Analysis was by intention to treat. The invasive strategy led to fewer occurrences of the composite outcome than did the noninvasive strategy (P = 0.031) (Table). Dalteparin and placebo did not differ at 6 months in any group.

Conclusions

In patients with unstable coronary artery disease, an invasive strategy was more effective in reducing the composite outcome of death and MI than a noninvasive strategy. At 6 months, dalteparin did not reduce death and MI more than did placebo.

*See Glossary.

Sources of funding: Pharmacia and Upjohn; Swedish Heart-Lung Foundation; local health authorities and county councils.

For correspondence: Dr. L. Wallentin, Department of Cardiology, Cardiothoracic Centre, University Hospital, S-751 85 Uppsala, Sweden. FAX 46-18-506638.


Table. Invasive vs noninvasive strategy for unstable coronary artery disease†

Outcome at 6 mo Invasive strategy Noninvasive strategy RRR (95% CI) NNT (CI)
Death, MI, or both 9% 12% 22% (2 to 38) 37 (20 to 398)

†MI = myocardial infarction. Other abbreviations defined in Glossary; RRR, NNT, and CI calculated from data in article.


Commentary

Clear evidence supports the use of heparin and antiplatelet therapy in patients who have unstable CAD with no ST elevation (1). Low-molecular-weight heparin (LMWH) has attracted recent interest because it may be more efficacious, cost-effective, and easier to give than intravenous unfractionated heparin; LMWH does not require regular monitoring of anticoagulation intensity and infusion-dose adjustment.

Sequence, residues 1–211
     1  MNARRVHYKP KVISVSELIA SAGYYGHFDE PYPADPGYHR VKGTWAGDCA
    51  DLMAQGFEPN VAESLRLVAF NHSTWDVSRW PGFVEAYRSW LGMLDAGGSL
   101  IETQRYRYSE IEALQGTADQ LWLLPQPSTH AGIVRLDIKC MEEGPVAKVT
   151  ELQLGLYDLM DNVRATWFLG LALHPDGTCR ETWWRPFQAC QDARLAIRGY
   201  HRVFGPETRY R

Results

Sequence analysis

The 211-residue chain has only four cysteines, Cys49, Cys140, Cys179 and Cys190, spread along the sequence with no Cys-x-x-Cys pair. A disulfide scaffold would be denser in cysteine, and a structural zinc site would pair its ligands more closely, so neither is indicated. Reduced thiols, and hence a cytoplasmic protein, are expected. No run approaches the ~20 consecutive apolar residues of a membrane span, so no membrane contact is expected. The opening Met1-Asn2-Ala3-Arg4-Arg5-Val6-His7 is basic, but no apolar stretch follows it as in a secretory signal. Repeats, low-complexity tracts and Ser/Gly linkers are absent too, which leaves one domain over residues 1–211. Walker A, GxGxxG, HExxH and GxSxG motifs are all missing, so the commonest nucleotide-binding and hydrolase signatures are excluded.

The FRISC-II study shows a substantial benefit of dalteparin in reducing the composite outcome of death, MI, and revascularization procedures at 3 months in patients with unstable CAD, but the primary study outcome (a composite of death and MI) was only significantly decreased at 1 month. The dose of dalteparin chosen for this trial seemed to suppress markers of ongoing thrombogenesis (2). It is not clear, however, whether an increased incidence of major bleeding in patients receiving dalteparin contributed to the decreasing treatment effect between 6 weeks and 3 months.

In the FRIC study (3), dalteparin and unfractionated heparin led to a similar combined rate of death, MI, and recurrent ischemia. However, another LMWH, enoxaparin, showed substantial benefits over unfractionated heparin in the ESSENCE study (4). Although some differences may result from the trial design, subtle differences may also be present among the LMWHs. It is not clear whether LMWH is more effective than standard unfractionated heparin in all groups of patients. More work is needed to compare the different types of heparins available.